The Week in Review: October 3-7

From the at-home ketamine experience to the Wit v United Behavioral Health reversal, here are highlights from the week in Psychiatric Times.

This week, Psychiatric TimesTM covered a wide variety of psychiatric issues and industry updates, from the at-home ketamine experience to the consequences of the Wit v United Behavioral Health reversal. Here are some highlights from the week.

Federal Court Gives Green Light to Deny Coverage

Nearly every psychiatric clinician I know has experienced it: Their patient’s health plan determines—with little justification—that the needed treatment is “not medically necessary.” The clinician is then forced to spend valuable time fighting for coverage of the treatment that is validated by accepted clinical standards of care. Meanwhile, families confront their options: spending life savings, taking on burdensome debt, or going without treatment.

With more than 7.1 million American adults not receiving the mental health treatment they need because of cost, ensuring health plans cover the services patients need is essential to maintaining and increasing access to care. At the root of this issue is who makes the determinations about whether treatment is needed— and what standards should be and must be followed. Continue Reading

Calcium-Channel Blocker and Adenosine Modulator Use and Risk of Hospitalization in Bipolar Disorder

Inadequate response and treatment resistance remain issues in bipolar disorder. One approach to identifying novel treatments is drug repurposing, whereby a drug approved for 1 disease is investigated for its potential for a new indication. Previous reviews include the adenosine modulator allopurinol and calcium-channel blockers (CCBs) for potential repurposing in bipolar disorder, although evidence for the latter has been inconclusive.

Allopurinol and dipyridamole are adenosine modulators that may have potential in the treatment of bipolar disorder and other severe mental illnesses. Allopurinol is a xanthine oxidase inhibitor used to treat gout and hyperuricemia. Dipyridamole is an antithrombotic and vasodilator that inhibits adenosine reuptake. Continue Reading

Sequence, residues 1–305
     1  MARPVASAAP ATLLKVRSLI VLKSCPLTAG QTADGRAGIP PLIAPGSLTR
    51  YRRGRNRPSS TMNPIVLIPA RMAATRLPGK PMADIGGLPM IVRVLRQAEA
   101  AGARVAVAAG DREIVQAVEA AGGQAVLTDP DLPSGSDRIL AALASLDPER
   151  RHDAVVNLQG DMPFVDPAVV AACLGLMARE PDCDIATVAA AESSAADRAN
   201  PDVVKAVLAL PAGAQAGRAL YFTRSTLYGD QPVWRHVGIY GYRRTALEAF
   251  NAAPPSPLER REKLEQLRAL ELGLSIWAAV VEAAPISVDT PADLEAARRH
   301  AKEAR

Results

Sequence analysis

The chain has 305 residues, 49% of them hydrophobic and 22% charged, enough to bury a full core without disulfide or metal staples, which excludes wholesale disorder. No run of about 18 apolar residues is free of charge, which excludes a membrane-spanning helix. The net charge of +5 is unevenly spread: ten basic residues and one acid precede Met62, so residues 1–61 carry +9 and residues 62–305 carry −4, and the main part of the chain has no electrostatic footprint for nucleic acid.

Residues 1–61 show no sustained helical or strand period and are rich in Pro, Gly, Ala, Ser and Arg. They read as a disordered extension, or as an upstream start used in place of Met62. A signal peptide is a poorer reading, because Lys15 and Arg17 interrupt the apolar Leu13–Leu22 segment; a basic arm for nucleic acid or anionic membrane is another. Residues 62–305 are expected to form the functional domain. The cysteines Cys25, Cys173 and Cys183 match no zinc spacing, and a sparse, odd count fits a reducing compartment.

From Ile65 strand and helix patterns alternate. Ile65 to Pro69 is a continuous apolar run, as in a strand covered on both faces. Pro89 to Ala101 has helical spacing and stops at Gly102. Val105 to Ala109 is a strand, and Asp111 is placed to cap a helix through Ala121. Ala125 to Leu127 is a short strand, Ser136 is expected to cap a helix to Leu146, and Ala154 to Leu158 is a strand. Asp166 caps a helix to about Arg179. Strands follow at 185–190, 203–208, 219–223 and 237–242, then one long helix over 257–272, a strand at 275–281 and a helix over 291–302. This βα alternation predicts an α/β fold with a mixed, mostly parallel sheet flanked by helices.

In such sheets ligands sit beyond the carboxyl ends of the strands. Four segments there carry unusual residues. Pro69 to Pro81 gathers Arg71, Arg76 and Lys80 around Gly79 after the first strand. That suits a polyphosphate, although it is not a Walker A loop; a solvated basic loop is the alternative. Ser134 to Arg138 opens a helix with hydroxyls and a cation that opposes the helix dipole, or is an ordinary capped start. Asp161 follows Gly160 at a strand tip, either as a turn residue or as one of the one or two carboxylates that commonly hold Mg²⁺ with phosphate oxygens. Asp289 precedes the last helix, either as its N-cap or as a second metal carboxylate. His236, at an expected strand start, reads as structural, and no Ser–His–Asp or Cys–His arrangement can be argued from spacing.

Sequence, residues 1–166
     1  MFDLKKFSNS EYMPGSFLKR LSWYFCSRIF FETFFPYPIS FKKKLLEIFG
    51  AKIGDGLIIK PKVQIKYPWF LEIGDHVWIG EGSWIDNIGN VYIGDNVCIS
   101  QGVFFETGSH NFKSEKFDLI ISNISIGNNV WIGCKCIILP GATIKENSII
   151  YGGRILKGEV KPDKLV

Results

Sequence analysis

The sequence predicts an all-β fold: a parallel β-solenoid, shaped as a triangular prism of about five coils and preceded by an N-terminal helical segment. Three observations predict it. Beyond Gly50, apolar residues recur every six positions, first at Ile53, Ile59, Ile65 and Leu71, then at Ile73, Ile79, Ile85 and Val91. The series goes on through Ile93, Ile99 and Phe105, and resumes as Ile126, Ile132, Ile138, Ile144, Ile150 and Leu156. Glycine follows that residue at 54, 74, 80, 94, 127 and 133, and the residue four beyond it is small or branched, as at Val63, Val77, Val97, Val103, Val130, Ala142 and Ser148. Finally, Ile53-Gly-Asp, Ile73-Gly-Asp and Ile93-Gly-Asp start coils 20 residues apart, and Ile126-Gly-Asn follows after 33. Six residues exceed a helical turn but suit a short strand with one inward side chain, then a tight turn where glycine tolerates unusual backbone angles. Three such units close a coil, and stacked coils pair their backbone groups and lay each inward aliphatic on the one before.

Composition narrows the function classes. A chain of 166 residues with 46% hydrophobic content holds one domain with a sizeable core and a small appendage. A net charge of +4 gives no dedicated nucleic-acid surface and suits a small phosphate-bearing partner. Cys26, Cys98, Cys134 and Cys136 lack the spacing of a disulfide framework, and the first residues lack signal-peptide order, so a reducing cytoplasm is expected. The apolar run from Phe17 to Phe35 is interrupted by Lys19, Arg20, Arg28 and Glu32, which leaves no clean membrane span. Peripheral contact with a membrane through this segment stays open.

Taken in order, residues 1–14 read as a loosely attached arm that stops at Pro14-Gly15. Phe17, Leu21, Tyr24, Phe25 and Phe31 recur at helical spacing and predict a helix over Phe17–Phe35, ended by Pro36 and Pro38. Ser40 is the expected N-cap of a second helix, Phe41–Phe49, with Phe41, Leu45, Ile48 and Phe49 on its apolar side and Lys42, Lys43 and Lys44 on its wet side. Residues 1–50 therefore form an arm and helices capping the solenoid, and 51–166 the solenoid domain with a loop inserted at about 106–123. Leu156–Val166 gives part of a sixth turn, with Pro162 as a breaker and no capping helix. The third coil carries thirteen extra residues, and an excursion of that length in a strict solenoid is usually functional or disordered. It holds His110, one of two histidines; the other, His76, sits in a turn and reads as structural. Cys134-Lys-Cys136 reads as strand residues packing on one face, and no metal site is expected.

The Online, At-Home Ketamine Experience: A Clinician’s Dilemma

There has been a recent proliferation of online health care businesses that offer at-home ketamine through virtual visits to patients suffering from a variety of mental health conditions. Ketamine is FDA approved for anesthesia and pain management but not for depression or any other psychiatric disorder. HCPs in many countries, however, can prescribe ketamine off label for nonapproved indications.

Ketamine can be rapid acting and studies have shown effectiveness in treatment-resistant depression (TRD), suicidal ideation, and other psychiatric conditions. The therapeutic effects are often attributed to its antagonistic effects on the NMDA receptor, 1 of 4 subtypes of inotropic glutamate receptors located throughout the central nervous system. Continue Reading

Understanding the Fear of Missing Out

In the late 1800s, postcards were the preferred way to brag about your summer travel. In the 1960s, these were replaced with slide carousels and projectors. A polite inquiry into a host’s vacation over dinner might have resulted in hastily dimmed lights and an hourlong presentation. In the 1980s and ‘90s, Polaroids gave us instant access to memorable moments.

Today, social media continues to feed our need to live vicariously through others—except now we can tap into the lives of hundreds of other people whenever we want. It is easy for hours to slip by as we scroll through the lives of others. This is when we are most vulnerable to the sticky trap of FOMO: the fear of missing out. Continue Reading

See more recent coverage from Psychiatric TimesTM here. And be sure to stay up-to-date by subscribing to the Psychiatric TimesTM E-newsletter.

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